Explanatory Notes for Act 3, Scene 2
From Macbeth. Ed. Thomas Marc Parrott. New York: American Book Co.
(Line numbers have been altered.)
This scene is particularly important for the view it gives us of Lady Macbeth. We see her lamenting that the accomplishment
of her desire has not brought her content, and this inward unrest, stifled in the presence of her husband by her strong will and her
desire to be of assistance to him, prepares us for the total collapse of her mind exhibited in the sleep-walking scene. She has plunged
into guilt to give her husband his heart's desire, and now she sees that the attainment of his desire has brought him no satisfaction.
It is plain, moreover, that the relation between Macbeth and his wife is no longer what it was. He is unconsciously drawing away from
her; he conceals from her his plot against the life of Banquo; at one time (lines 30-31), indeed, he even seems to be deceiving her.
prepares us for the total separation of the two guilty souls, and for
the strangely passive way in which Macbeth receives the news of his
wife's death in the last act. As regards Macbeth, we have in this
scene stronger testimony than even the preceding has afforded us
to the guilty anguish of his mind, and to the strong compulsion
under which he feels himself to step from crime to crime.
1. Banquo is evidently on Lady Macbeth's mind. She knew of the prophecy of the witches that his descendants should be kings,
and it may be that she, like her husband, is thinking of the possibility of taking action to prevent the fulfilment of this prediction.
Her words in line 38 sound as if some such idea were in her mind.
8. alone. Lady Macbeth knows nothing of her husband's
interview with the murderers, and fancies that since he dismissed
the court he has been brooding alone over the murder of Duncan.
9. sorriest, most dismal.
10. using, cherishing.
12. Should be without regard, should not be thought of.
14. She'll close. It was a common belief that a snake, even
though mangled, would soon recover; the wounds would close.
14. poor malice, weak desire to do harm.
15. former tooth, former power to bite. "Former" refers to the
period before the snake was "[scotch'd]."
16. the frame of things, the universe.
16. both the worlds, heaven and earth.
18. terrible dreams. Already Macbeth is beginning to realize
the meaning of the prophetic voice which proclaimed that he should
sleep no more.
20. peace ... peace. The first "peace" refers to the satisfaction
of his fierce desire for power which Macbeth had hoped to gain by
killing Duncan; the second to the peace of death. Such a play on
words is very characteristic of Shakespeare. See Textual Notes,
21. on the torture of the mind to lie, as if on the rack.
22. ecstasy, madness.
25. levy, army.
22-26. Duncan ... further. Note the solemn beauty of this
passage. Macbeth nowhere gives us a clearer vision of his own
"restless ecstasy" than here where he envies the sound sleep of
the dead king.
25. Malice domestic, foreign levy. Macbeth, no doubt, is thinking of the troubles Duncan had in his lifetime, of Macdonwald's
revolt, and Sweno's invasion. Now, however, the old king is safe in death; nothing can touch him further.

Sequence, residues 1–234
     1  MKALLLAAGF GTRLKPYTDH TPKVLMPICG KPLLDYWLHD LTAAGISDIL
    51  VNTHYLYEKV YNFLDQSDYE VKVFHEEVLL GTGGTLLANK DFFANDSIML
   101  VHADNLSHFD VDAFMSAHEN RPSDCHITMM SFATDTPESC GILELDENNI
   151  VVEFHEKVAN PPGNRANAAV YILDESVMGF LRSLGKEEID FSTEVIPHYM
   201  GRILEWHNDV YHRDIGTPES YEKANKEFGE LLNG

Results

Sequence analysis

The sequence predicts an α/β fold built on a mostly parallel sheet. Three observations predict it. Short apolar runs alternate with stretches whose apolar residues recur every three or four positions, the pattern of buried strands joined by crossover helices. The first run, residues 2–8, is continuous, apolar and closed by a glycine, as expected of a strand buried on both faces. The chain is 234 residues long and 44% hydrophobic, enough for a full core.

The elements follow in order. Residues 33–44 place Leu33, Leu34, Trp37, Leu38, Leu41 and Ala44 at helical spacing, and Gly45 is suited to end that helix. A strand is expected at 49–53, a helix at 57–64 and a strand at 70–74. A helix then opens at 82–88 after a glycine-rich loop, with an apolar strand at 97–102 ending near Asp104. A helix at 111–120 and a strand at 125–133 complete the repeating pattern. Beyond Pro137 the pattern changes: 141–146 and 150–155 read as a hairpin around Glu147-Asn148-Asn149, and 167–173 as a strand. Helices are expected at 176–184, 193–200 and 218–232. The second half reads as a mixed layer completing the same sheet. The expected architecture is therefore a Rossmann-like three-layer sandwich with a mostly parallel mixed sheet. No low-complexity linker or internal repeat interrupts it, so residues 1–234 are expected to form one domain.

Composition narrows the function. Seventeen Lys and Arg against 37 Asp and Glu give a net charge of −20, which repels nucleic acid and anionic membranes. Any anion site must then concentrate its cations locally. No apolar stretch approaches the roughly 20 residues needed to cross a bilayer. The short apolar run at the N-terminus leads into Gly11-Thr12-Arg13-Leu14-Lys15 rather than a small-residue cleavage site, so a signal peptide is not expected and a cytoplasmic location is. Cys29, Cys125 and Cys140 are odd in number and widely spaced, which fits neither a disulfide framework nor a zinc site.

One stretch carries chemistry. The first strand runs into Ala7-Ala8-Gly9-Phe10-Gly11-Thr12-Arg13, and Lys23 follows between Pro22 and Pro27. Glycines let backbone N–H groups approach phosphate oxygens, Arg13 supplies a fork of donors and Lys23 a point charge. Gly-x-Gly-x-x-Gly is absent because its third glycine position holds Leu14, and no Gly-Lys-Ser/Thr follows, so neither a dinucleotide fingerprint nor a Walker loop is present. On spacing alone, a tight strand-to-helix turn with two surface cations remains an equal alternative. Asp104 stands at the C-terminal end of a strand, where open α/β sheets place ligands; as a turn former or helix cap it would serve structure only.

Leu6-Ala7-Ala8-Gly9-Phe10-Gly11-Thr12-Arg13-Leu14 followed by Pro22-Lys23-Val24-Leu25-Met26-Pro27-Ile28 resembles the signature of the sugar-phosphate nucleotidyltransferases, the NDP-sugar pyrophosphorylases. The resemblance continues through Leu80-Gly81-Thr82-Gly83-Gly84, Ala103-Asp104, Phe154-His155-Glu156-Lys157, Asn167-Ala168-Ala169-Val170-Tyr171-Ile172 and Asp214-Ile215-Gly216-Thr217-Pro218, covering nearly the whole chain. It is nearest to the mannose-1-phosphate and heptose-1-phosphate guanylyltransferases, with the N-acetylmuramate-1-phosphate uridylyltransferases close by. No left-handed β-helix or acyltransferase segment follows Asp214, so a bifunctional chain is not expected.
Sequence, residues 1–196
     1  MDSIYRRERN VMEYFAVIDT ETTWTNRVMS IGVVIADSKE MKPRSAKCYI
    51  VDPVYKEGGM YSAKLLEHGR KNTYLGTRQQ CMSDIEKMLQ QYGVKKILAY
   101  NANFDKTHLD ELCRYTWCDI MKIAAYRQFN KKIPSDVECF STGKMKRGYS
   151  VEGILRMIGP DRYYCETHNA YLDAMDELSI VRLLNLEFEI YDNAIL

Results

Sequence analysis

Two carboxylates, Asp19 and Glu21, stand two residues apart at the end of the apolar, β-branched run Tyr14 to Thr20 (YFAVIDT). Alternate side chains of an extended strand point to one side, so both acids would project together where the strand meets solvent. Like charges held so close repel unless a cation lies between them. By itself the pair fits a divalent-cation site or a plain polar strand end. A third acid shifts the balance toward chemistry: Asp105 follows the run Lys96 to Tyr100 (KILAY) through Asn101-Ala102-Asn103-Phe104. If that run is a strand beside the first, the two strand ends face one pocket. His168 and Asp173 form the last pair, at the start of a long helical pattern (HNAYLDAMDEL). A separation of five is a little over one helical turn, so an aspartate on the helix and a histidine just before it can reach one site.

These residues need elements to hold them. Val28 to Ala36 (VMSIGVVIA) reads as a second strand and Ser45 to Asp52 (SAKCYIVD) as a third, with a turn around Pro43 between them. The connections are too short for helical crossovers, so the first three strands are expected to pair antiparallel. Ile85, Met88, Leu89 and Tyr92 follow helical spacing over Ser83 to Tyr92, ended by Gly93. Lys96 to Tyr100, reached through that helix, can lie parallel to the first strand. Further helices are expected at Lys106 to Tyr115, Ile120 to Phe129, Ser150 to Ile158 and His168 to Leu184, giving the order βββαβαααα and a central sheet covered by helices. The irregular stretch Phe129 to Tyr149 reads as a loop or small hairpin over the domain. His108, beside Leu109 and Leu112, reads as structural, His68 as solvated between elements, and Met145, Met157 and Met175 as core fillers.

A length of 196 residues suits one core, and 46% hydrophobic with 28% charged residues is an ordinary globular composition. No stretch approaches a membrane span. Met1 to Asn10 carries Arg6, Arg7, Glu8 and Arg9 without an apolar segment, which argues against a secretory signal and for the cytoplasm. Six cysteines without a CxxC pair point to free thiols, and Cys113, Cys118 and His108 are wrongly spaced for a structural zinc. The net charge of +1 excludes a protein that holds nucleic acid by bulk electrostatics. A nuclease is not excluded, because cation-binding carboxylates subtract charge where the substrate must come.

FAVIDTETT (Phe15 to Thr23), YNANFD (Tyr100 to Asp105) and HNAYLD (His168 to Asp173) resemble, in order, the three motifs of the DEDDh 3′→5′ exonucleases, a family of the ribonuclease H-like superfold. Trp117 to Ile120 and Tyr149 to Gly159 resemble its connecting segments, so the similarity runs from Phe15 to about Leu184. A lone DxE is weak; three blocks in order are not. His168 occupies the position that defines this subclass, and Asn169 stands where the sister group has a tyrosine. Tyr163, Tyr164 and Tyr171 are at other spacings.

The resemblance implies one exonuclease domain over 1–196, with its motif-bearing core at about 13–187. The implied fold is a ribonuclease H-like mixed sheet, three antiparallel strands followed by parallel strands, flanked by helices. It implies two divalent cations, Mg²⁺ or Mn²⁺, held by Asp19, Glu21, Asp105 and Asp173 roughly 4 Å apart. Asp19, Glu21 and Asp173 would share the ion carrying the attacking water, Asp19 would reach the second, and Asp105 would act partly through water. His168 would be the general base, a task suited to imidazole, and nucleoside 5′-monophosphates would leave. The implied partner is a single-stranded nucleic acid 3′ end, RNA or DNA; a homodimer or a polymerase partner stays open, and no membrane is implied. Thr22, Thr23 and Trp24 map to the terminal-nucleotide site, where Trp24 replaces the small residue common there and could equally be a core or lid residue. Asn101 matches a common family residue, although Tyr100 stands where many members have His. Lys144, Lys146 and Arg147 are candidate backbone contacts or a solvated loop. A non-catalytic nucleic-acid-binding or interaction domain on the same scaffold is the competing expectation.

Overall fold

26. Come on, hold, enough.
26, 27. Note how Lady Macbeth rallies to the aid of her husband. She sees that it is useless to reproach or counsel him, so she
addresses him in the tenderest tones. He responds at once, but
soon falls back into his gloomy brooding.
30. remembrance. This word must be pronounced as if it had
four syllables, "rememberance."
This line and the following may be paraphrased as follows: "Do not forget Banquo; distinguish him above his fellow-courtiers both
by your looks of favour and by your speeches." It is hard to see just why Macbeth should say this. He certainly expected that
Banquo would be dead before nightfall; how then could Lady
Macbeth "present him eminence"? Either he says this to hide
from her his plot against Banquo's life, or else he fancies that
the plot may miscarry, in which case the advice will hold good.
The former is, perhaps, the better view.
32, 33. Unsafe ... streams. This is an obscure passage. It
has been conjectured that some words have dropped out, but the
broken line may be due to Macbeth's emotion. The passage may
be paraphrased as follows: "How unsafe we are so long as we
must keep on dipping our dignities (as king and queen) in
streams of flattery."
34. visards, masks.
38. copy, a technical word, drawn from the vocabulary of the law. It is equivalent to "copy-hold," a form of lease common in
Shakespeare's day. The line means: "Their lease of life is not
eternal." Lady Macbeth has now fallen so far behind her husband
that she only hints vaguely at a crime which he has already planned
to the smallest detail.
39. There's comfort yet, there is still some comfort in that thought.
41. cloister'd flight, flight around the cloisters.
42. shard-borne, borne on scaly wings.
43. yawning, drowsy.
44. note, notoriety.
45. chuck, darling.
46. seeling. It was a common practice in Shakespeare's day to
"seel," i.e. to sew up, the eyes of hawks in order to render them
tame and manageable. So night is pictured here as a falconer
sewing up the eyes of day lest it should struggle against the deed
that is to be done.
49. bond, Banquo's lease of life, equivalent to the "copy" of
51. rooky, frequented by rooks.
52. Professor Dowden says very aptly that this line might serve
as a motto of the entire tragedy.
How to cite the explanatory notes:
Shakespeare, William. Macbeth. Ed. Thomas Marc Parrott. New York: American Book Co., 1904. Shakespeare Online. 10 Aug. 2010. < http://www.shakespeare-online.com/plays/macbeth_3_2.html >.
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